The postmenstrual endometrium is repaired by cellular migration and replication of surface epithelial cells. These features are consistent with ameboid contraction-expansion-mediated motility. Typically, the regenerative surface epithelium is devoid of cells involved in DNA synthesis or mitoses Fig.
Pathology Outlines - Dating of endometrium
Surface epithelial cells supported by tightly packed stromal cells. Both lack DNA synthesis as evidenced by negative immunostaining reaction for Ki x Endometrial stromal cells modulate the growth, steroid hormone action, and functional differentiation of the epithelial cells. The basement membrane provides anchorage and participates in the control of proliferation and migration of epithelial cells as well as in their differentiations.
An essential component of epithelial regeneration is provided by stromal cells which aggregate in cellular 'balls' beneath the regenerative surface epithelium Fig. Menstrual endometrium, cycle days 3 and 4. Note dense stromal cell aggregates beneath the regenerative surface epithelium arrow x Tenascin, an extracellular matrix protein, is immunolocalized around proliferative endometrial glands and is believed to enhance epithelial cell migration and proliferation during periods of postmenstrual repair by inhibiting cell attachments to fibronectin.
The Endometrial Cycle
After the initial epithelial spread, cell division and migration operate simultaneously until a confluent surface layer has been regenerated by cycle day 5. The sudden increase in nucleic acid synthesis and a very short DNA-synthesis phase of the regenerative cells result in accelerated tissue turnover. These characteristics of migration and accelerated tissue turnover explain the spectacularly rapid wound healing capability of the human endometrium. DNA and ultrastructural data do not support the concept that the regenerative endometrium derives directly from persistent secretory spongiosa or stromal fibroblasts of the endometrium.
Indeed, during cycle days 3 and 4, despite increased DNA activity, plasma levels of estrogens and progesterone receptors are low and unchanged from the premenstrual values. By immunostaining, the regenerative surface epithelium and underlying stromal cells are seen to be depleted of receptors for estradiol and progesterone Fig. Immunostaining for ER is negative in regenerative surface epithelium arrow and the immediately underlying stromal cells.
In contrast, the endometrial glands and stromal cells in the deeper layer immunostained strongly for ER and PR not shown.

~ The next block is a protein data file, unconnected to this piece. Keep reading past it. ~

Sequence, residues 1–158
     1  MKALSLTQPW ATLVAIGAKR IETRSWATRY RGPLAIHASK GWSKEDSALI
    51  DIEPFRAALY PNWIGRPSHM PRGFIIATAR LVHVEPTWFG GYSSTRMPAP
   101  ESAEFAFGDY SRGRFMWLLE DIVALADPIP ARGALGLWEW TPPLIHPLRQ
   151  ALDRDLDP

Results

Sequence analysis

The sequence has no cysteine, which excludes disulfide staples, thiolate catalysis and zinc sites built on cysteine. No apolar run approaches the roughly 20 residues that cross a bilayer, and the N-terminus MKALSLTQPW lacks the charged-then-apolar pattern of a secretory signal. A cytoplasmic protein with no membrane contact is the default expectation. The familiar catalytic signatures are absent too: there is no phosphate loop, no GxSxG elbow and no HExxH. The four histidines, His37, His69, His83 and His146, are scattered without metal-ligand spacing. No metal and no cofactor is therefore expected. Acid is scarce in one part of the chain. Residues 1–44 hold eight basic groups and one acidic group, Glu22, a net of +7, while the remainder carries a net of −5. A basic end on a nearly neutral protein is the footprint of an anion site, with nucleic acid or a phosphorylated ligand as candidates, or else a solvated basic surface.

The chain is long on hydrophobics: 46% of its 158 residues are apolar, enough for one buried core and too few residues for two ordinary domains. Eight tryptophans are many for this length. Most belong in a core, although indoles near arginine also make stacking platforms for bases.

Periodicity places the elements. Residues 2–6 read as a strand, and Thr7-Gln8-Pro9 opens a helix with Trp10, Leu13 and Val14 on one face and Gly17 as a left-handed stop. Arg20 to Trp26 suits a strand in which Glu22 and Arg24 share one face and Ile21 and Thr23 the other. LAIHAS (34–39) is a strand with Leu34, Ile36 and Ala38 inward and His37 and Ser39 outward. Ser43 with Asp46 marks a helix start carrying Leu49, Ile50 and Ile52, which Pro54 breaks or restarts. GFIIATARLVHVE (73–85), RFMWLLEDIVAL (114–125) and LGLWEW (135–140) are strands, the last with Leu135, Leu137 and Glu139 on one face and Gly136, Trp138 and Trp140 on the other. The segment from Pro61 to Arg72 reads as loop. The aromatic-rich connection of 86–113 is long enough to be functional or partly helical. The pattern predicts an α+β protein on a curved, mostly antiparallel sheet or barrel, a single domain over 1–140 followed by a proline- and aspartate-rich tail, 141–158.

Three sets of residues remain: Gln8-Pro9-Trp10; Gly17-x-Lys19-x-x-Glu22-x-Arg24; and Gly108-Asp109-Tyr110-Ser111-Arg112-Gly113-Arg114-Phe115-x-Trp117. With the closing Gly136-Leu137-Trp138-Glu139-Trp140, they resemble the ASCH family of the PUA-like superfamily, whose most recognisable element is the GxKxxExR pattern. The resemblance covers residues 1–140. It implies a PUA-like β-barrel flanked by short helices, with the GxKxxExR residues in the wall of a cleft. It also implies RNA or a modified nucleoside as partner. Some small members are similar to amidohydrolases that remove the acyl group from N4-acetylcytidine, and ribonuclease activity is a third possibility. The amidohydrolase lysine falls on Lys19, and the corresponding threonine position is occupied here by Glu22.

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The findings suggest that the early phase of regeneration is independent of hormonal influence x Experimental endometrial regeneration in the rabbit has shown that proliferation kinetics and morphologic alterations of the regenerative but estrogen-deprived atrophic endometrium associated with ovariectomy are similar to those in animals with intact ovaries.
These changes are accompanied by an increase in plasma levels of estrogens and progesterone receptors and a slight decrease in serum pituitary hormones, alterations that are consistent with target cell sensitivity and response to preovulatory estradiol. The preovulatory endometrium demonstrates proliferative changes in the glands, stromal cells, and vascular system Fig. The glands have relatively narrow lumens, pseudostratified nuclei and mitotic figures, and the stroma is cellular and slightly edematous x The glands acquire numerous mitoses and gradually become longer and larger, with convoluted shapes.
The stroma becomes vascularized. These changes take place under the stimulatory action of estradiol, which stimulates the DNA-promoter enzyme, thymidylate synthetase. Endometrial growth during the pre-ovulatory phase is further substantiated by immunohistochemical tracing methods. The most often used proliferation markers are the DNA S-phase Ki Mib-1 molecule , the anti-apoptotic bcl-2, and the tumor suppressor gene p Both the gland and stromal cell nuclei stain strongly and diffusely for Ki, so do occasional endothelial cells of endometrial capillaries x Cytoplasmic membrane staining for bcl-2 is seen in endometrial gland cells and occasional stromal cells x Immunostaining for p53 is mainly confined to nuclei of stromal cells x Increased proliferation leads to a considerable thickening of the endometrial mucosa.
It is interesting to note that the endometrium demonstrates geographic variations in its response to hormonal stimuli. Maximum DNA synthesis is observed in the fundus and body of the uterus, whereas the isthmic and cornual regions contain comparatively lower values. Also, nuclear DNA activity is higher in the upper third than in the lower two thirds of the functional layer.
This zonal variation in sensitivity of endometrial tissue to hormonal influence may be related to different physiologic functions: Whether differences in hormonal responses are due to dissimilar vascular supply of the upper and lower layers or to the intrinsic, heterogeneous nature of the endometrial tissue in terms of receptor content, or to both, remains to be determined.
Maximum DNA synthesis during the midproliferative phase of the cycle i. Increased nuclear DNA synthesis and mitotic activity in gland cells correlate with high levels of nucleolar organizer regions. According to animal studies, DNA synthesis decreases rather than increases after 2 days of estrogen administration. Inhibition of nucleic acid synthesis is apparently not related to loss of estradiol receptors or nuclear translocation of estradiol receptors, but rather, presumably, to accumulation of the chalone-like inhibitors of DNA synthesis.
This hypothesis is attractive, but it remains to be tested.
Dating the endometrial biopsy.
In addition to tissue proliferation, estradiol promotes the development of free and bound ribosomes, mitochondria, golgiosomes and primary lysosomes in gland cells and presumably in stromal cells. Biochemically, these organelles each provide for protein matrix, energy, and synthesis of various enzymes. Some of these enzymes, including glucosephosphatase, hexokinase, pyruvate kinase, and lactate dehydrogenase, are involved in carbohydrate metabolism. Concentrations of estradiol receptors and progesterone receptors increase in both the blood and the endometrium during the proliferative phase of the cycle see Fig.